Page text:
Seems to me, any purposeful endeavor, recreational or work, aught have contingency plans and equipment. Boats have EPIRB, ditch kits, maybe rafts and exposure/survival/immersion suits. Aircraft, give or take similar. Even for skaters/boaters/travelers on lake ice, there is knowledge and equipment recommendations, including immersion management.There is a bunch of information on immersion hypothermia. And yet, vehicle in the water, slip/trip> fall in, duck boat sinking, past "wear your PFD", not a lot of information.

Car in water(accident, black ice, impaired, bridge collapse, flood, flash flood, mud slide, land slide), I drive past one of NYC's reservoirs, to and from work, at least 5 days a week. On a 3 lane parkway, separated from the water, by a guardrail, vehicles traveling 70-80mph., guardrail is not much of an impediment, and occasionally, one goes in. From the shore, out about 5-6', it's 2-3" deep, then precipitously drops to 80'. Most are body recoveries.

My intent, is to put together a system, to deal with spontaneous immersions. Starting with clothes that will sustainably keep me alive if not warm in 35 degree water, 3mm. neoprene gloves, neoprene hood, add a manually inflatable vest, with enough storage/attachments for signaling (mirror, strobe (spare batt), green laser, whistle, flare, smoke, dye, panel, flashlight/head lamp, PLB/immersion proof air and marine band radios (probably not both, depending on where I am, reservoirs no boats, but planes over head, Hudson River, Lake Erie, boats and aircraft). Add HEED-3, ice daggers, BOK/Med, mask/snorkel (mitigate asperation secondary to wave action) and a throw bag. How many people do yous know, know what a throw bag is, much less carry one in their POV, much less are practiced with them? Probably something like zero, so if I don't have one, they likely won't. If I can gather the gumption to throw them the bag (with a light stick attached, easier to see/find at night), all they need to do is pull. Might be the quickest way out. On my end, reinforced loop, figure of 8 follow through, backed up, for me to grab onto, put an elbow through, or (6' continuous loop of 1" tubular webbing, twisted into a figure of 8, slip the arms through, add a locking carabiner, instant chest harness) clip into the chest harness. In the car secured to drivers side visor and duplicated on the vest, is a window punch and a pair of rip shears, for car egress.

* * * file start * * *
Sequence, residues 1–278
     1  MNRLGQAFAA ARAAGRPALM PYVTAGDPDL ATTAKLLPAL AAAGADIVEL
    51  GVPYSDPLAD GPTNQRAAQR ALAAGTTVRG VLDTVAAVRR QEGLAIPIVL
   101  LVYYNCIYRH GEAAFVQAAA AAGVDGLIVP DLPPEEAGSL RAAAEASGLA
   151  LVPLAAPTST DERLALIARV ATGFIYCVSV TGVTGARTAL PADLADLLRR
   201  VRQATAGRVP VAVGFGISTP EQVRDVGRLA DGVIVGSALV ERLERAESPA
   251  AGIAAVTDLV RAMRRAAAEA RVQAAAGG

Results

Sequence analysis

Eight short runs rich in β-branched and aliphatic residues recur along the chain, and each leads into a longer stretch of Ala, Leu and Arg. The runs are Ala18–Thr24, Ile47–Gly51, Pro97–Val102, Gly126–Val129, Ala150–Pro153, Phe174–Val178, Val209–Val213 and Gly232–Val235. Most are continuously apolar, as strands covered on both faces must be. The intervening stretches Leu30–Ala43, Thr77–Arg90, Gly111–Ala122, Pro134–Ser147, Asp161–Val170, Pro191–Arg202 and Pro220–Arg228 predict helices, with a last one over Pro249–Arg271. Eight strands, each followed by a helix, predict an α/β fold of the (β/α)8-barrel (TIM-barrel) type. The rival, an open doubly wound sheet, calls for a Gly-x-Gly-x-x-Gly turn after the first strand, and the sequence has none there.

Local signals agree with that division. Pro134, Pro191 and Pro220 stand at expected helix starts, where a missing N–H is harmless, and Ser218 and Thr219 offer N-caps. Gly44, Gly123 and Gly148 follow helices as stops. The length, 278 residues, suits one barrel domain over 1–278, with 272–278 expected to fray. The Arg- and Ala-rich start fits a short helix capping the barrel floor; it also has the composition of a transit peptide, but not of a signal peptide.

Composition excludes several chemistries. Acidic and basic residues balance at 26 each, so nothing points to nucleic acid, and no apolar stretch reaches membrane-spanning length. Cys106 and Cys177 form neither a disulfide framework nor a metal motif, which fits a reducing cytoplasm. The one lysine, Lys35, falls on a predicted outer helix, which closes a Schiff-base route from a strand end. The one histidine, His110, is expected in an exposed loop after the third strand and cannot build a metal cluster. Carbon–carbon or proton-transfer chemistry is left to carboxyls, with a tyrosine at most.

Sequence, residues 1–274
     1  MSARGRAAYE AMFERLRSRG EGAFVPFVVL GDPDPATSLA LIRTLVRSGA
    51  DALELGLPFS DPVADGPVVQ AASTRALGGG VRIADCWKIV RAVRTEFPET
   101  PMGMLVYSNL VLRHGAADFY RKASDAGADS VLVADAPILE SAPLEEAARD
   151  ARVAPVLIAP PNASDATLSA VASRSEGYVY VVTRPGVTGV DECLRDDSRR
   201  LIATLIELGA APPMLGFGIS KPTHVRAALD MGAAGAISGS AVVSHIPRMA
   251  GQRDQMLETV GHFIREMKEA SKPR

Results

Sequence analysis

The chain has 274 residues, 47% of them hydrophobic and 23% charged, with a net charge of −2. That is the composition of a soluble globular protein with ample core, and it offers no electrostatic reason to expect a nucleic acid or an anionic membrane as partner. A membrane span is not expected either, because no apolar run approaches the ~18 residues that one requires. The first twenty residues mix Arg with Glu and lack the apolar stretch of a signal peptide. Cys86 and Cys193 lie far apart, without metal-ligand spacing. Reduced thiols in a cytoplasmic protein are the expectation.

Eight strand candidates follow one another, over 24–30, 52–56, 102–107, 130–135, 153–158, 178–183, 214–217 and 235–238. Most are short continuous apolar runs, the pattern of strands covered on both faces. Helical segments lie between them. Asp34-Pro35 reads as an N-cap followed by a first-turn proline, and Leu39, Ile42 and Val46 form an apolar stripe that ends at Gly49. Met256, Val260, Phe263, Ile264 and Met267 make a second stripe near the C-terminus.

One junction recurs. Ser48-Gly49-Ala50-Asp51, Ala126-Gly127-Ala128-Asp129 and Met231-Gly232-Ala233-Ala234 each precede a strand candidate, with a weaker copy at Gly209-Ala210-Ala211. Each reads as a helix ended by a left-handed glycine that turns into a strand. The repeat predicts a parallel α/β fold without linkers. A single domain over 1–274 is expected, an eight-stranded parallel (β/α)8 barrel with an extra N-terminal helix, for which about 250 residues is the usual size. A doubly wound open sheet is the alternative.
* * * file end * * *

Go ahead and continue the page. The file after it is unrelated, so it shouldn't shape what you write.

EDC: ESEE-4, Wave-2, Emerson N-SAR, Silky 130 Pocket Boy, (2) constrained Bics with T-Rex tape, ferros, about 50' milspec 550, SAK Ranger, PJCB, a good sized piece of fat wood, Elzetta Charley, mini mag light (medical pen light) and a Heat Sheet.

The only thing I want to grab, assuming I'm alone (God forbid otherwise), is a vapor proof bag (tethered bright color/SOLAS tape 360/buoyance) containing warm clothes, Gore, MSR Pocket Rocket/fuel/pot/brew kit/water, better med kit and a Wiggy's 0 rated sleeping bag, foam pads, air activated hot packs and a bivi sack (self Rx. immersion hypothermia management kit). Thoughts?

Nobody that I have found, is talking about this, and from what I've read, BOB's, GHB's, INCH bags don't address this; in a vehicle, did you survive the crash, are you unconscious, are you injured, are you alone in the car, what is necessary to extricate yourself from the car. Nothing attached to you should be buoyant, while your in the car, complicates/prevents getting out, how deep are you, can you hold your breath that long, how are you going to deal with the 1-2 minutes of cold shock, gasping? Ok you got to the surface, or maybe you started there, less the 70 degree water, your on the clock, less then 55 degree water you need to get out ASAP. Most people in these scenarios that die, don't get a chance to die from hypothermia, they die from aspirating water, and drown. The other aspect of cold shock is older folk, or people with heart problems or other co morbidities, can develop lethal heart arrhythmias, and die. But nobodies talking about it, there's no primer, it's all pass/fail and most people that find themselves in this predicament don't even have the advantage of the lady in the water in Capt. Sullys Miracle on the Hudson. Middle aged blond lady, in a short sleeved white top, there amongst the ice islands in her PFD, the expression on her face, totally spaced out, flailing her arms aimlessly, for something to latch onto. Without her PFD, she would have died, even with the PFD, if rescue had not been at hand, she would have died. She never anticipated swimming in the Hudson, most people won't have the PFD, won't be clothed much better, and rescue might be a while comming. Take care.

Regards, Jim